US20140173577A1 - Patchless update management on mobile devices - Google Patents

Patchless update management on mobile devices Download PDF

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US20140173577A1
US20140173577A1 US13/843,775 US201313843775A US2014173577A1 US 20140173577 A1 US20140173577 A1 US 20140173577A1 US 201313843775 A US201313843775 A US 201313843775A US 2014173577 A1 US2014173577 A1 US 2014173577A1
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target function
update information
process
memory area
memory
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US13/843,775
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Josh Mitchell
Shawn O'Donnell
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Asurion LLC
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Asurion LLC
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    • G06F8/67
    • GPHYSICS
    • G06COMPUTING; CALCULATING; COUNTING
    • G06FELECTRIC DIGITAL DATA PROCESSING
    • G06F8/00Arrangements for software engineering
    • G06F8/60Software deployment
    • G06F8/65Updates
    • G06F8/656Updates while running

Abstract

Technologies for mobile device software update management are disclosed. A described technique includes obtaining update information to modify a target function; identifying, from among a plurality of executing processes, a process that is operable to execute the target function, wherein the target function resides within a memory area associated with the identified process; suspending the identified process; determining, within the memory area, a memory address of the target function based on the obtained update information; modifying the target function in the memory area based on the memory address and the obtained update information to produce a modified function; and resuming the modified process.

Description

    CROSS REFERENCE TO RELATED APPLICATION
  • This patent document claims the benefit of the priority of U.S. Provisional Application Ser. No. 61/739,640, filed Dec. 19, 2012 and entitled “PATCHLESS UPDATE MANAGEMENT ON MOBILE DEVICES,” which is incorporated herein by reference in its entirety.
  • FIELD
  • This document generally relates to software update management.
  • BACKGROUND
  • Mobile devices (e.g., smartphones, tablet computers and the like) typically are implemented as special purpose computers that are powered by a mobile operating system (“OS”). The most common mobile operating systems used by modern smartphones include Google's Android, Apple's iOS, Nokia's Symbian, RIM's BlackBerry OS, Samsung's Bada, Microsoft's Windows Phone, Hewlett-Packard's webOS, and embedded Linux distributions such as Maemo and MeeGo. Such operating systems can be installed on many different phone models. Further, a device can receive multiple OS software updates and application software updates over its lifetime. For example, software can be updated to fix security bugs, fix functionality issues, and/or add new features.
  • SUMMARY
  • This document describes, among other things, technologies relating to mobile device software update management. In one aspect, a described technique includes obtaining update information to modify a target function; identifying, from among a plurality of executing processes, a process that is operable to execute the target function, where the target function resides within a memory area associated with the identified process; suspending the identified process; determining, within the memory area, a memory address of the target function based on the obtained update information; modifying the target function in the memory area based on the memory address and the obtained update information to produce a modified function; and resuming the modified process.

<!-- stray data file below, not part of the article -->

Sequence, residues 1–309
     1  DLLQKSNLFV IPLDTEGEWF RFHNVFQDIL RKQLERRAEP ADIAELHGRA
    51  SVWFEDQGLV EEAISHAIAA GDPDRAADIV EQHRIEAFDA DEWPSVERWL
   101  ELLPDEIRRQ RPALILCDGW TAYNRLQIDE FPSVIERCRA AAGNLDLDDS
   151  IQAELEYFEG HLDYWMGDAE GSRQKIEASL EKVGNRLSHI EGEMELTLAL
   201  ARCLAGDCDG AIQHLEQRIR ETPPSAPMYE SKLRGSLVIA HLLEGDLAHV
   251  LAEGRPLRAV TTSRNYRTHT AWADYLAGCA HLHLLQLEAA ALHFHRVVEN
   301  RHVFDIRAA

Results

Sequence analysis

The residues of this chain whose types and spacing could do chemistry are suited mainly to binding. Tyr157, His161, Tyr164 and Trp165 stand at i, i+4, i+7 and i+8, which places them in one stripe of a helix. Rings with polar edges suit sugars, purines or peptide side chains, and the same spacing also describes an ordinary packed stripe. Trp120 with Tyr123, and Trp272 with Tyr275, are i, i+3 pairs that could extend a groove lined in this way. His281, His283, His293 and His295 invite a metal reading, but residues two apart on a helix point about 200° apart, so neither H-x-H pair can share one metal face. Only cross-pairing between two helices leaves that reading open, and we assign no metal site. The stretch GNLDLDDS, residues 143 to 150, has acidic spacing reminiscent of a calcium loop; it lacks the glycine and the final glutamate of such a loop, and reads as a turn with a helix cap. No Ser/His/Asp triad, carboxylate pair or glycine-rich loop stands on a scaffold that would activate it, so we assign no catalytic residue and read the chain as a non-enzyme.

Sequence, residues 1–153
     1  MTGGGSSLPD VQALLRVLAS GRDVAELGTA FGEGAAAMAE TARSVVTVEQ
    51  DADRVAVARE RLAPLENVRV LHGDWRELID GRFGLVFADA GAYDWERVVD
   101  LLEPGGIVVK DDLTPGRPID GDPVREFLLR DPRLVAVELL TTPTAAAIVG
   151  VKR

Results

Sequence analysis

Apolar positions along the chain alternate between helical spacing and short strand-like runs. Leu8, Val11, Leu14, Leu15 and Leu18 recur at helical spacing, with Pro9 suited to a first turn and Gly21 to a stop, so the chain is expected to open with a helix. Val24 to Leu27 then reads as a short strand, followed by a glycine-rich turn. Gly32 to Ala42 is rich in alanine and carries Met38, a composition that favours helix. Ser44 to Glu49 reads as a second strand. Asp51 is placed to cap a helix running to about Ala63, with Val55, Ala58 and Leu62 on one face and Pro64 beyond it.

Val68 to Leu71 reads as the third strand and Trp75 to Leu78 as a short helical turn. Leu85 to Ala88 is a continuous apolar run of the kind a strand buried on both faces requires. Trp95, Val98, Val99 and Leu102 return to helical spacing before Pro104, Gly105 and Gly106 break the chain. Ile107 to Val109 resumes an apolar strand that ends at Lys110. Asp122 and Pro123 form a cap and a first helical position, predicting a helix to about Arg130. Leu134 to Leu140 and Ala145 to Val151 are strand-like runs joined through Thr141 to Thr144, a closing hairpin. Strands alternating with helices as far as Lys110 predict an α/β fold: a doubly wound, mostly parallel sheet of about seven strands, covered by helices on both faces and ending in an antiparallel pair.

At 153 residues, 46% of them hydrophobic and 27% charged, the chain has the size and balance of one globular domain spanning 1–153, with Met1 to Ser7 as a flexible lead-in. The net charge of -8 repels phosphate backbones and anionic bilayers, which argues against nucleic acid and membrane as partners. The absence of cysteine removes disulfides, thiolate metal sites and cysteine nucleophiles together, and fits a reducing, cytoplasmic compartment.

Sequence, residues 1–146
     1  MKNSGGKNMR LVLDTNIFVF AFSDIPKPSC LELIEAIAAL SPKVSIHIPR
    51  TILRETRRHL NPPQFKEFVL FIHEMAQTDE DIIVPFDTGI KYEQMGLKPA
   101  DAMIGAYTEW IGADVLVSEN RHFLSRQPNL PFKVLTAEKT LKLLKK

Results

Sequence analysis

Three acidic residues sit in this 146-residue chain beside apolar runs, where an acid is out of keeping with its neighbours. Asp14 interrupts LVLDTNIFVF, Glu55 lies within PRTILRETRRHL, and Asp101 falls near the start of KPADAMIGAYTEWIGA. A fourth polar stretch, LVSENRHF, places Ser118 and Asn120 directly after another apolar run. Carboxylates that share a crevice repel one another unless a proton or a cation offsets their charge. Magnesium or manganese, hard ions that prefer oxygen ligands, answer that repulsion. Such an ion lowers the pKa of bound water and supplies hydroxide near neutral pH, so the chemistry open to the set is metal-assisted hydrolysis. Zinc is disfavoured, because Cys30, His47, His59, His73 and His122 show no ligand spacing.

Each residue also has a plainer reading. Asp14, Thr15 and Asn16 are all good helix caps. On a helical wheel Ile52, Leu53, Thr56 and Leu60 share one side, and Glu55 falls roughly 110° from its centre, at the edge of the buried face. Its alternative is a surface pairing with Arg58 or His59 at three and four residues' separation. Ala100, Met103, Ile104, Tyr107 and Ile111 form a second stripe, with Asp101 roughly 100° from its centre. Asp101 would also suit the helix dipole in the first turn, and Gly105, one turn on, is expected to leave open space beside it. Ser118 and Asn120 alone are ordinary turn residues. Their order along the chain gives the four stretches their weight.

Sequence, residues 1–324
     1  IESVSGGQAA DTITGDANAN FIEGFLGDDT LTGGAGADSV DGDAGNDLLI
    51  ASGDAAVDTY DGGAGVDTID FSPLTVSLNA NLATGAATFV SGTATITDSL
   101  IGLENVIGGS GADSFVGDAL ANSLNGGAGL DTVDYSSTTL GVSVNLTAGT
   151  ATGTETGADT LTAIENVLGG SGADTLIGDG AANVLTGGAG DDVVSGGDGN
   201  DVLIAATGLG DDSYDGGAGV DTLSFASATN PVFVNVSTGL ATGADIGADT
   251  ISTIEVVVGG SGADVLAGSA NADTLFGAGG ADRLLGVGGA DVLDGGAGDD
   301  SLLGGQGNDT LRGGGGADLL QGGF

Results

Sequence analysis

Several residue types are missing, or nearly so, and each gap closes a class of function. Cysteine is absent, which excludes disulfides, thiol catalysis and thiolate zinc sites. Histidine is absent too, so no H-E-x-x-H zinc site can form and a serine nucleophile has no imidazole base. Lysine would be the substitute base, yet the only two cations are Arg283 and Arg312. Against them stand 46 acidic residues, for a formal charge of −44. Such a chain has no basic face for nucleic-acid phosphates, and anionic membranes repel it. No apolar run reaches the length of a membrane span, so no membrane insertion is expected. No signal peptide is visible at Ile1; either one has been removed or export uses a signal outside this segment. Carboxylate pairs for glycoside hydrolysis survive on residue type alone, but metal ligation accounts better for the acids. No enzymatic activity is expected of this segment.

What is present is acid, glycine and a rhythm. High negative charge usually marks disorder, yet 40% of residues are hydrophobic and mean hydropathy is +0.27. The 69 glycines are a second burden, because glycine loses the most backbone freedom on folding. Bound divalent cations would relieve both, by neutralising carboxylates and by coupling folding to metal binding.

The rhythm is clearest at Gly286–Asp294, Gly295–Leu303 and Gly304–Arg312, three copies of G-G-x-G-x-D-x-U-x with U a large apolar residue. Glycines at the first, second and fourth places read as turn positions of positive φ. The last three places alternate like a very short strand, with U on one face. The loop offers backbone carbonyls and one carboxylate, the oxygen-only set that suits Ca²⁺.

• The above and other implementations can include one or more of the following features. Implementations can include allocating memory to store a patched version of the target function. Modifying the target function can include overwriting an original instruction with an instruction to change control flow to the patched version of the target function. Implementations can include allocating a segment in the memory area; including one or more instructions in the segment that are in accordance with the update information; and marking the segment as executable. Modifying the target function can include overwriting an original instruction with a new instruction to change control flow to the segment. Implementations can include including one or more instructions in the segment to compensate for overwriting the original instruction. Implementations can include detecting a start of a new process; determining whether the update information applies to the new process; and selectively applying the update information to the new process. The update information can include a sequence of bytes corresponding to at least a portion of the target function. Determining the location of the target function can include comparing the sequence of bytes with one or more portions of the memory area. Determining the location of the target function can include retrieving an address from a dynamic linking loader based on a symbol identifier that corresponds to the target function, the symbol identifier being included in the update information. Identifying the process can include accessing an application name indicated by the update information; obtaining a list of process information elements of respective processes that are in a executing state; and selecting a process from the list based on the application name. Identifying the process can include receiving a notification of a creation of a new process; and comparing an application name associated with the new process with an application name indicated by the update information. In some implementations, the memory area resides in a volatile random access memory structure within the mobile device. In some implementations, the update information can include a binary code segment, and modifying the target function can include writing the binary code segment to the volatile random access memory structure using the memory address.